Elon Musk sings high praise for China's professional ethics
Elon Musk sang the praises of China's professional ethics on Automotive News' podcast Friday and said that American companies would lose out owing to their complacent and entitled attitude.
"China rocks in my opinion. The energy in China is great... There's like a lot of smart, hard-working people. And they're not entitled, they're not complacent, whereas I see in the United States increasingly much more complacency and entitlement especially in places like the Bay Area, and L.A. and New York," Musk elaborated.
He compared these regions and the entire country to the sports teams blinded by constant victories.
"When you've been winning for too long, you sort of take things for granted – the United States, and especially like California and New York, you've been winning for too long," Musk said.
"So, just like some pro sports team they win a championship you know a bunch of times in a row, they get complacent and they start losing," he noted, adding Tesla has received "the least government support of any car company" in the U.S.
Last year, Tesla Inc. lined up 1.6 billion U.S. dollars in financing from local banks in China to construct and begin manufacturing vehicles at its Shanghai factory. This February, the factory in Shanghai got back to normal operations quickly, after just two weeks of a government-ordered shutdown.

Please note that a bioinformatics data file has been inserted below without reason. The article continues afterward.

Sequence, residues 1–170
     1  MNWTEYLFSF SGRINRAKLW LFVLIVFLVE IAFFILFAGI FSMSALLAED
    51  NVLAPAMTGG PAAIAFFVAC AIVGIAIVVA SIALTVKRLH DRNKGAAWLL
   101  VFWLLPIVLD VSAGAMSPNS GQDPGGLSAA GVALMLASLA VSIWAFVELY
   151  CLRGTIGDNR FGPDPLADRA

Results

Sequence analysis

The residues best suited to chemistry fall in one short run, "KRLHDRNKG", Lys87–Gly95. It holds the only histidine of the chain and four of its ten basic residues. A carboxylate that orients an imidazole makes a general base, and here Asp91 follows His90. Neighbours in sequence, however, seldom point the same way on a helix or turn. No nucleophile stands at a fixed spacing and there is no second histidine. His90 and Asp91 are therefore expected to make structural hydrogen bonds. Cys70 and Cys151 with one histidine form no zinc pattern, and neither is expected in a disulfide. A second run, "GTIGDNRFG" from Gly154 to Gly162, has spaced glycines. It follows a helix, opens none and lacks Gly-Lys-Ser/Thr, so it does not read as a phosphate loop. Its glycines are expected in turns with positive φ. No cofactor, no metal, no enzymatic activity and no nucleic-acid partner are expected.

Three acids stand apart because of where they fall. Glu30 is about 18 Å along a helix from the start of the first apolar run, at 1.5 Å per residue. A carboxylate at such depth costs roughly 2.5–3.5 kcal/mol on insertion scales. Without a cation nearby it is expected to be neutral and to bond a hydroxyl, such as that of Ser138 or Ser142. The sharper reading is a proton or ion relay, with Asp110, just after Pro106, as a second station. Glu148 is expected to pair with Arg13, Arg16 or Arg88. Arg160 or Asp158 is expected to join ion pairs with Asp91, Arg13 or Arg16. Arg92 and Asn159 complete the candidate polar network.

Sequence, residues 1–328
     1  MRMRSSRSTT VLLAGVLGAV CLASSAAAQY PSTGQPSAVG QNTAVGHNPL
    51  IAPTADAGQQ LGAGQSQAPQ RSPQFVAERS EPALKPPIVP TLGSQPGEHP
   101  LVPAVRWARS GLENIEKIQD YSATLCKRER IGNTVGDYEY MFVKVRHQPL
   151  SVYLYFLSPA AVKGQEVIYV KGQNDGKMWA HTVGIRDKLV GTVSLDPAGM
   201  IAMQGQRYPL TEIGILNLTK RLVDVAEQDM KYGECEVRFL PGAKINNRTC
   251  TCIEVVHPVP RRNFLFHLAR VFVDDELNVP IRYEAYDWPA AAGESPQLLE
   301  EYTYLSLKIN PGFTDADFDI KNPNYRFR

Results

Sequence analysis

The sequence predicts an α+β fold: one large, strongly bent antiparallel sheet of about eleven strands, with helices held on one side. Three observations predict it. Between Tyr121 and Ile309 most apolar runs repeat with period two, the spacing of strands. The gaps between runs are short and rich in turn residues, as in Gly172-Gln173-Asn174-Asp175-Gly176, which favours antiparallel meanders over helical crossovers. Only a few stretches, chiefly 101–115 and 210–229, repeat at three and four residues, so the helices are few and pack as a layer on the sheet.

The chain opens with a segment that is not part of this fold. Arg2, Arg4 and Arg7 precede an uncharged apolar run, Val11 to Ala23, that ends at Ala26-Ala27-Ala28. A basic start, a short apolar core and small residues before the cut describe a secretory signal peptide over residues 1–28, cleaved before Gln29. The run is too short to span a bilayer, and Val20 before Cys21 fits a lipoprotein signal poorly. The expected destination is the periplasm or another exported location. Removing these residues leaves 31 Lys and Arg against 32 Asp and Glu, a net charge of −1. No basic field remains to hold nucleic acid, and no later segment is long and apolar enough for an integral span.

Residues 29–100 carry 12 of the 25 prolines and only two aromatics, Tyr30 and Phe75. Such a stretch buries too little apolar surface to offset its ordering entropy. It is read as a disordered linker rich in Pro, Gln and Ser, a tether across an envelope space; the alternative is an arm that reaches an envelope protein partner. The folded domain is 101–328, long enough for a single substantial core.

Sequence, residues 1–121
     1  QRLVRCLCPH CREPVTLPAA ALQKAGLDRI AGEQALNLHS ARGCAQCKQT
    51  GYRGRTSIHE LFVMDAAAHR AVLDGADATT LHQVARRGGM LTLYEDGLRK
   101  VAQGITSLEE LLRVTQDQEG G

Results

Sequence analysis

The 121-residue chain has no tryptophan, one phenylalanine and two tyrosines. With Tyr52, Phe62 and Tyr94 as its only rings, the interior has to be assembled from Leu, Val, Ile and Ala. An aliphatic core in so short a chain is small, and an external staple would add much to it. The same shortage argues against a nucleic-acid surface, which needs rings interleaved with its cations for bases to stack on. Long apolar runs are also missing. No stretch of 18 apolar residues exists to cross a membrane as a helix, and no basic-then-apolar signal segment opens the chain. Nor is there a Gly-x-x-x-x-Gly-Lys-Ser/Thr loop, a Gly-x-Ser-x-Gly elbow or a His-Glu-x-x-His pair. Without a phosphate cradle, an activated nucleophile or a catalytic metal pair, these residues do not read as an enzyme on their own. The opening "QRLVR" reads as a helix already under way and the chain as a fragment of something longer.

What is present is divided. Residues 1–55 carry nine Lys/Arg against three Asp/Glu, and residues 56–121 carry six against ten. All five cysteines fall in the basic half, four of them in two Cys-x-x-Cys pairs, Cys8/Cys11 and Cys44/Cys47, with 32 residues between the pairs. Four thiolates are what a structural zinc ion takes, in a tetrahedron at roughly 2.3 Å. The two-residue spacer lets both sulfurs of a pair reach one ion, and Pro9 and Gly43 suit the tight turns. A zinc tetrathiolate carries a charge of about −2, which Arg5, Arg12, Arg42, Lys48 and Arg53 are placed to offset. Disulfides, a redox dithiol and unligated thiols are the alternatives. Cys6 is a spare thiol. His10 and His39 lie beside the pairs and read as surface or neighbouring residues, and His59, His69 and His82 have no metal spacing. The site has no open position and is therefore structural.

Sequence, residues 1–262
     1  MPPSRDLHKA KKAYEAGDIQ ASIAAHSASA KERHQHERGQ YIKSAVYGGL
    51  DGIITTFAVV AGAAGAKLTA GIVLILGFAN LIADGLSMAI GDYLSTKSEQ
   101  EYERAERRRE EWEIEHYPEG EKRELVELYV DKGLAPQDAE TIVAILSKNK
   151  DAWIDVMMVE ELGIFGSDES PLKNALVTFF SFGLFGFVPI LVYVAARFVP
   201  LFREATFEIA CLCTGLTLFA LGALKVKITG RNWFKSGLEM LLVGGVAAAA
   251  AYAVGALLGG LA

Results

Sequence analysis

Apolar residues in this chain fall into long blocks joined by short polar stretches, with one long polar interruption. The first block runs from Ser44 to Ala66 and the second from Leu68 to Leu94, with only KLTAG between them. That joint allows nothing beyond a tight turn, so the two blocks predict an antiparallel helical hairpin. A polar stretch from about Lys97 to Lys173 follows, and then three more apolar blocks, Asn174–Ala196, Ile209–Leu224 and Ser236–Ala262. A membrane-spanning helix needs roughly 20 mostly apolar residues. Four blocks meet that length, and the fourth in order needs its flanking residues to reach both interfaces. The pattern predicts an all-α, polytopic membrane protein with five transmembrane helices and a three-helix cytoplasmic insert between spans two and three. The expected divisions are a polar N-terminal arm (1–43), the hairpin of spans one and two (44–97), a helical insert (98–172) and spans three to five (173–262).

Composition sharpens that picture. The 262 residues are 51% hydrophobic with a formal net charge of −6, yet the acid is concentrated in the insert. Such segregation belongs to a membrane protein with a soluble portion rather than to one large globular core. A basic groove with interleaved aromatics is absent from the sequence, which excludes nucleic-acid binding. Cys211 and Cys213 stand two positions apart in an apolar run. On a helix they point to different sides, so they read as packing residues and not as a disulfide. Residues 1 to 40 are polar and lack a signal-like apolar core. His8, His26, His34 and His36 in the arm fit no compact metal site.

On Tuesday, the U.S. electric vehicle maker launched a hiring spree in Shanghai with plans to bring on designers at its China studio and about 1,000 factory workers, in order to ramp up production in the world's biggest auto market.
Musk projected that online car sales, as well as delivering cars direct to consumers will become even more of a standard after COVID-19, instead of selling via traditional dealerships.
Tesla saw "strong orders through the whole pandemic," cited Musk. The company reported that its deliveries declined by about 5 percent for the second quarter this year, while most other players saw sales plunge more than 30 percent during the same period due to COVID-19 impacts.
Last week, Tesla announced a net income of 104 million U.S. dollars from April to June, marking the first time the company has posted a profit for four straight quarters.
Tesla shares closed down 3.8 percent on Friday.
(Cover image: Tesla CEO Elon Musk attends the Tesla Shanghai Gigafactory groundbreaking ceremony in Shanghai, China, January 7, 2019. /Reuters)